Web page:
Meet the Sony MDR-EX600 in-ears.
The speaker element of the is guarded by a somewhat porous mesh gate, which may or may not accumulate biological waste after extended use. Because there is no included cleaning kit with the s, you may want to be careful with this.
The cable of the s is a standard 3.93 feet long, ending in a rather boring plug. The cable itself is a rather thin gauge wire, with thin insulation.
The 's plug is a fairly standard 1/8th inch jack, protected by a somewhat small amount of plastic.
The cord guards to the s are rather interesting, as they not only significantly beef up the cable strength over the ear loop part, but also protect the wire as it leaves the ear loop apparatus. Both are made from a thick plasticine rubber.
The comes packaged with a carrying case (with cable management system), assorted documentation, and a large number of extra sleeves in several different sizes.
In-ears are typically not that durable, and although the s seem to be a little less fragile than most, what's really great about them is the ability to easily replace broken cables should anything happen. Simply unscrew the guard where the cable meets the ear bud and the cable pops right out.
They may not be the ugliest things we've seen, but these earbuds are certainly not lookers by any stretch of the imagination. Sony probably was more worried about functionality and comfort here, so we'll give them a pass on their rather odd appearance.
The s have a fairly dynamic response, with some odd areas of underemphasis. On the whole though, the bass frequencies aren't boosted to an unreasonable level, and the s stay roughly within our ideal limits. Unfortunately they do seem to severely downplay frequencies in the 4-7kHz range, where you'll find some shine of cymbals, sibilance and the middle treble frequencies will be somewhat muted in comparison to the rest of your music. Some people like this, but it's something to be aware of.
In-ears typically corral and contain their own sound very well, as they're pumping it directly into your ear canal, but the s for some reason seemed to leak a bit more sound than we expected. You're not likely to disturb people sitting next to you in a car or train, but if you're listening to them at night, you may pester your partner a bit.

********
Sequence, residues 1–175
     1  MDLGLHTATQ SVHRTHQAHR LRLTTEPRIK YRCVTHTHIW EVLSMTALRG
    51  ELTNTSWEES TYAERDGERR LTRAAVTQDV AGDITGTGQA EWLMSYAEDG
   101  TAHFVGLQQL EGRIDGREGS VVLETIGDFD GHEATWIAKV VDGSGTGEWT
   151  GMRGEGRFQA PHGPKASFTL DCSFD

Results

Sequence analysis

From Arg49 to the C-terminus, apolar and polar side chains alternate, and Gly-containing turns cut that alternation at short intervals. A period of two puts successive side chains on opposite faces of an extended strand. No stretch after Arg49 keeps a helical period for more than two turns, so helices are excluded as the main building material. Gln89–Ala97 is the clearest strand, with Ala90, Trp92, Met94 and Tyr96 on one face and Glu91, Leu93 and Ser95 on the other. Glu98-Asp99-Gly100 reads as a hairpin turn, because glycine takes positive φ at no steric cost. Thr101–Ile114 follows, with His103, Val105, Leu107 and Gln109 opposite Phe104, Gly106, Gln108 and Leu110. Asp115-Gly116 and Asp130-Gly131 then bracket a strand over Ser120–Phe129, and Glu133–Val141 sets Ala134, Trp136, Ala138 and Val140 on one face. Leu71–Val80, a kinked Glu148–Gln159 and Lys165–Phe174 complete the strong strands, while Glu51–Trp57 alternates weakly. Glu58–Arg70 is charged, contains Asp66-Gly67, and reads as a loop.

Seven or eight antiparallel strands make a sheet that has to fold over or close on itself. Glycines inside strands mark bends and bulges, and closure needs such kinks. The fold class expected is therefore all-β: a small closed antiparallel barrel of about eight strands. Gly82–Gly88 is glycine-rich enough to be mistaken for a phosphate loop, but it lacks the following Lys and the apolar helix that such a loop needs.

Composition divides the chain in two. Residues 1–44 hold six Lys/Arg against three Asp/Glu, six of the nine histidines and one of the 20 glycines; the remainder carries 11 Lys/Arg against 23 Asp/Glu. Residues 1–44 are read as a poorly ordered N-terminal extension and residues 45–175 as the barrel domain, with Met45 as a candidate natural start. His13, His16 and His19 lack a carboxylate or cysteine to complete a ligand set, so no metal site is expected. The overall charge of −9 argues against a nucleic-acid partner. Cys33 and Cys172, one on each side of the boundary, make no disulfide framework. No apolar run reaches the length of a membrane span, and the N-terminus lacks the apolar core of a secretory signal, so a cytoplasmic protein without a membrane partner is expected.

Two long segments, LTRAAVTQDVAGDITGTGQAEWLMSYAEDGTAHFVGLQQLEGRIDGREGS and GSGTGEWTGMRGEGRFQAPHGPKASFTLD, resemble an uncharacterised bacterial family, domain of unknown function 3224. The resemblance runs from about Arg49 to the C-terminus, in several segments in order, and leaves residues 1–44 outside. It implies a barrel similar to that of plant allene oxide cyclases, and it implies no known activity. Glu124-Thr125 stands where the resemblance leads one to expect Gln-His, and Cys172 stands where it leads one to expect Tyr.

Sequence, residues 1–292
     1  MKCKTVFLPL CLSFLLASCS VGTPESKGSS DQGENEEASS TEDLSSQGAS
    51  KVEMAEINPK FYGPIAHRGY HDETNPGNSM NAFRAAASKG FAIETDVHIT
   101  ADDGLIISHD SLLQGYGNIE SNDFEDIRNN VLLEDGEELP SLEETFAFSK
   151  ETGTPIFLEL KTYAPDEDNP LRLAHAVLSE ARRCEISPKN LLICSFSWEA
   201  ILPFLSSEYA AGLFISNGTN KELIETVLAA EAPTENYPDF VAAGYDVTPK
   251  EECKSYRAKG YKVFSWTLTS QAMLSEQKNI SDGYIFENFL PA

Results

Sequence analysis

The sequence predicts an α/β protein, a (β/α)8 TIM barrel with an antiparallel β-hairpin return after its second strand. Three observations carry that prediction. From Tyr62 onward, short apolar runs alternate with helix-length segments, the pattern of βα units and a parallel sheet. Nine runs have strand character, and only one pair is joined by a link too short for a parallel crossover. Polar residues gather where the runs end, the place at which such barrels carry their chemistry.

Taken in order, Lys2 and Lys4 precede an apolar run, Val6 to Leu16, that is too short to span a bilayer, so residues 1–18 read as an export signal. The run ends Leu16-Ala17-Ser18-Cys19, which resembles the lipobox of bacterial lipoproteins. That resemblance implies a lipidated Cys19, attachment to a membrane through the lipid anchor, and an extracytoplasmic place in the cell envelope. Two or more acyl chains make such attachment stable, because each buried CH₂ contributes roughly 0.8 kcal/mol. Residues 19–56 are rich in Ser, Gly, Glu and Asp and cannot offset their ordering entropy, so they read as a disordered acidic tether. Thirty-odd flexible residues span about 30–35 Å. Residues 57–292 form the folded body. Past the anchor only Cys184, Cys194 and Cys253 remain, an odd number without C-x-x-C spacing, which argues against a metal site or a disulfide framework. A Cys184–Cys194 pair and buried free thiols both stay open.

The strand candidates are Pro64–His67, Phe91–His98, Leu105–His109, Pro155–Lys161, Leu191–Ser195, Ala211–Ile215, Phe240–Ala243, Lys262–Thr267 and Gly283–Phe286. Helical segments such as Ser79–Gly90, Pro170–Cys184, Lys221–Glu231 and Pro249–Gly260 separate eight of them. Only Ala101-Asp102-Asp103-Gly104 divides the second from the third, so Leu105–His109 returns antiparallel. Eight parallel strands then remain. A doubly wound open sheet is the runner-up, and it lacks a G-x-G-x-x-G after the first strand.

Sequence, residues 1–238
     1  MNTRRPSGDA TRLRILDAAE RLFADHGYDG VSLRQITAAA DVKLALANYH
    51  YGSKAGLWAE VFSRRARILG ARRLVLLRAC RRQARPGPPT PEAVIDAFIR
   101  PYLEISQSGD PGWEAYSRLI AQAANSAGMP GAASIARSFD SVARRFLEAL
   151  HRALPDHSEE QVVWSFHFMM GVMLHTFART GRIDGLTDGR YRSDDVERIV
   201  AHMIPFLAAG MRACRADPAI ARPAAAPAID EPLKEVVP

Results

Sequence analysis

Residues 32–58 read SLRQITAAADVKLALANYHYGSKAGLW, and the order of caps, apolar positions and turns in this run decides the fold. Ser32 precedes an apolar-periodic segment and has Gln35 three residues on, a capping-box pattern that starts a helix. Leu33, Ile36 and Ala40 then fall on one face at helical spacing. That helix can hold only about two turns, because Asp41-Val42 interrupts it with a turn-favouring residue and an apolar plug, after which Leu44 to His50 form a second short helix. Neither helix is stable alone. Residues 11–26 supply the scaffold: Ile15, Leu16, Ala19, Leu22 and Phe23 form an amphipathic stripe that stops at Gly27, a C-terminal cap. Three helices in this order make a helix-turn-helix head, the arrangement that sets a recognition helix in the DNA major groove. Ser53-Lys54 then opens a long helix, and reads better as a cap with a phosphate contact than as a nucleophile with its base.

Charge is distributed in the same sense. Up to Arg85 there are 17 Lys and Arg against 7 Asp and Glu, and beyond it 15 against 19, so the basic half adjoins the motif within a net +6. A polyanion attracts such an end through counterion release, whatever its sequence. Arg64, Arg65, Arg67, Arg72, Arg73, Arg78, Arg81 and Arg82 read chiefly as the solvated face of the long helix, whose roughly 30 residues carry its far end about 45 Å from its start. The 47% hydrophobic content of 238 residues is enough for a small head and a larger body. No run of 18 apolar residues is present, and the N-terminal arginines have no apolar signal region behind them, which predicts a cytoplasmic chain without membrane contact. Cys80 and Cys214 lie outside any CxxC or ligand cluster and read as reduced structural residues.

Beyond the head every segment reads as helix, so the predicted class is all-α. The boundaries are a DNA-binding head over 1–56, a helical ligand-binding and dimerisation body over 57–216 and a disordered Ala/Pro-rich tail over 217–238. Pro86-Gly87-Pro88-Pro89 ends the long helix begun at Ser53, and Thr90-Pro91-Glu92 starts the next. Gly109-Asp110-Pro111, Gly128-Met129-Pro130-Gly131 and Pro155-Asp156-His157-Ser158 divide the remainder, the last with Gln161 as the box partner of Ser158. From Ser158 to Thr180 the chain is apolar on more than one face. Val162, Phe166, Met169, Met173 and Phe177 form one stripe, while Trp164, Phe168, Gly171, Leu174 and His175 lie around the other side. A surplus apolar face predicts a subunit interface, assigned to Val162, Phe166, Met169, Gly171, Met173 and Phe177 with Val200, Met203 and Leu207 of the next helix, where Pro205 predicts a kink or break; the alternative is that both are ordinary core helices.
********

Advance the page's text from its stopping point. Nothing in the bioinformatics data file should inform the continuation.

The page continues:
The s blast your music at 119.89 dB before hitting the magic distortion level that becomes annoying (3%). Like we iterate ad nauseam, please don't listen to your s at or even near this level. We would really hate to hear that one of our readers had damaged their hearing unintentionally. It's nice to know that these in-ears have that capability in theory, but it's not something you should be testing on your own.
The s are in-ears, yes, but they seem to be fine sitting at the very outside of the ear canal, rather than dig in deep. The re-enforced cabling at the top of the bud makes the wire able to withstand a bit more friction on your ear, and it definitely redistributes weight to your pinna (outer ear) well. Not exactly comfortable, but not painful either.
Over time, the comfort level didn't really change, so the s get the same marks here.
As previously mentioned, there is an insane amount of optional sleeves included with the , with seven different sizes of the regular sleeves to fit a vast array of possible ear canal sizes. On top of that, there's also 3 "noise cancelling" sleeves, but they don't seem to do much of anything, despite repeated tests on all sizes. Beyond that, there really isn't much you can do to customize your s, but isn't that enough for a set of in-ears?
There aren't any included adapters for the s, but it's not like they have a bizarre or uncommon plug size. If necessary, you could always pick one up at a local electronics store.
Conveniently enough, the s come packaged with a carrying case that has a decent cable management system, so you don't cause a bunch of internal wear and tear on your (admittedly replaceable) cables. The case is rigid and seems durable enough, so feel free to jam it into your bag on the morning commute or a long car or plane ride.